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Loyola remembers Janet Mary Riley, pioneer of women’s rights

July 11, 2008

Janet Mary Riley, A'36, L'52, holds the Adjutor Hominum Award presented to her at the annual Alumni Luncheon during reunion weekend in 2000.

Janet Mary Riley, Loyola University College of Law Professor Emerita, the first full-time female law professor in New Orleans and seventh in the nation, died Saturday of pancreatic cancer at Chateau de Notre Dame nursing home. She was 92.

Riley received her undergraduate degree in 1936 from Ursuline College, then an affiliate of Loyola University. In 1941, she began work as a librarian at Loyola. She left Loyola in 1943 to serve as a librarian at area military posts. Two years later, she returned to Loyola as a law librarian and began taking law courses part-time to familiarize herself with the language and literature of law. She earned her Juris Doctorate in 1952 and a Master of Law in 1960 from the University of Virginia.

During her tenure as a law professor, she wrote the first casebook on Louisiana Community Property Law and served as a Louisiana Law Institute reporter where she revised Louisiana community property laws that deemed the husband “head and master of the community.” Riley was instrumental in convincing the legislature to adopt the concept of equal management.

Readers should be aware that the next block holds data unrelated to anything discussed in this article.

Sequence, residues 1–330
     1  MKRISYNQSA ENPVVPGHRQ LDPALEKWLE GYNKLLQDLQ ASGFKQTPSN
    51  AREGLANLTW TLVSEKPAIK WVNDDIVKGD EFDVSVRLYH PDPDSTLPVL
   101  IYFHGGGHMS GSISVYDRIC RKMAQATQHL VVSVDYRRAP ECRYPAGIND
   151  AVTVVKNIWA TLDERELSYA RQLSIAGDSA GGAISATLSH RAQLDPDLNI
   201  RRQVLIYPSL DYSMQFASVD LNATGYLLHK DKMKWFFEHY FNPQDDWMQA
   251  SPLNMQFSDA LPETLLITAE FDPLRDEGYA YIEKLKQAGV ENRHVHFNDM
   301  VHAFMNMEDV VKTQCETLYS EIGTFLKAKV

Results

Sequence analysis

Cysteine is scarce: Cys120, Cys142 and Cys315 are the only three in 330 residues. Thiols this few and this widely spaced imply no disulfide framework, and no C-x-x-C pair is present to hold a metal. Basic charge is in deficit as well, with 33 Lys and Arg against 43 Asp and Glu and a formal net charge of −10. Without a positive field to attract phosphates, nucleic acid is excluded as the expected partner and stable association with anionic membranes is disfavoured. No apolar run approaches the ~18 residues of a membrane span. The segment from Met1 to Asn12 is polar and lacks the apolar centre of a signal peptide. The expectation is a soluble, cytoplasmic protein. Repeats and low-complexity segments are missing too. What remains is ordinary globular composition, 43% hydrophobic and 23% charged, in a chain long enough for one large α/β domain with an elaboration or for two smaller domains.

In 2005, Loyola’s College of Law gave Riley an honorary doctorate, and in 2004, she was the recipient of the St. Ives Award, named after the patron saint of lawyers. This award is presented annually to a Loyola College of Law graduate who has volunteered services to the law school or the university, maintained the highest standards of the profession, and furthered the mission of the alumni association. In 2000, Riley also received the Adjutor Hominum award, presented annually to an outstanding alumnus of the university whose life exemplifies those characteristics which Loyola seeks to form in graduates, namely moral character, service to humanity and unquestionable integrity.

College of Law professor, Kathyrn Lorio, a close friend and student of Riley’s says, “In her quiet, humble and unassuming way, this lady managed to promote the interests of women significantly, both as a role model, and as a proponent of legislation providing equal protection.”

The Janet Mary Riley Distinguished Professorship was established in 2002 when Riley and other law faculty members donated funds to establish the professorship. Riley retired from the university in 1986, but still taught seminars and courses as an adjunct professor until 1997.

Survivors include nieces and nephews. Burial will be private. A memorial mass will be held at Our Lady of the Holy Rosary Church, located at 3368 Esplanade Avenue, on Friday, August 22. The time has not yet been announced. Following the memorial mass, there will be a memorial service at the College of Law in room 405. Professor Lorio will give the eulogy.

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